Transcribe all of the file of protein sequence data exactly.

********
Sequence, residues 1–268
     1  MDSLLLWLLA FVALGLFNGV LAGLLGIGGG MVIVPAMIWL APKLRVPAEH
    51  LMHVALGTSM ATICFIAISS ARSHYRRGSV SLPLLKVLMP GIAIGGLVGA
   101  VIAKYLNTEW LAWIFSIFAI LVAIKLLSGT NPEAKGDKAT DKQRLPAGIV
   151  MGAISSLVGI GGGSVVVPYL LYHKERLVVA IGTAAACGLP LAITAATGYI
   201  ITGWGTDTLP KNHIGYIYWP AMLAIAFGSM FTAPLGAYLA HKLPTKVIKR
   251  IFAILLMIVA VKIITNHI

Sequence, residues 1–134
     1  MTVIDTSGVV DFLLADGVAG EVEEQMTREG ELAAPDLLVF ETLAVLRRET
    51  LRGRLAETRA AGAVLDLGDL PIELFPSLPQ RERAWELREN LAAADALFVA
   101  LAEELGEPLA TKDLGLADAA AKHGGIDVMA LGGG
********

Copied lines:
Sequence, residues 1–268
     1  MDSLLLWLLA FVALGLFNGV LAGLLGIGGG MVIVPAMIWL APKLRVPAEH
    51  LMHVALGTSM ATICFIAISS ARSHYRRGSV SLPLLKVLMP GIAIGGLVGA
   101  VIAKYLNTEW LAWIFSIFAI LVAIKLLSGT NPEAKGDKAT DKQRLPAGIV
   151  MGAISSLVGI GGGSVVVPYL LYHKERLVVA IGTAAACGLP LAITAATGYI
   201  ITGWGTDTLP KNHIGYIYWP AMLAIAFGSM FTAPLGAYLA HKLPTKVIKR
   251  IFAILLMIVA VKIITNHI

Sequence, residues 1–134
     1  MTVIDTSGVV DFLLADGVAG EVEEQMTREG ELAAPDLLVF ETLAVLRRET
    51  LRGRLAETRA AGAVLDLGDL PIELFPSLPQ RERAWELREN LAAADALFVA
   101  LAEELGEPLA TKDLGLADAA AKHGGIDVMA LGGG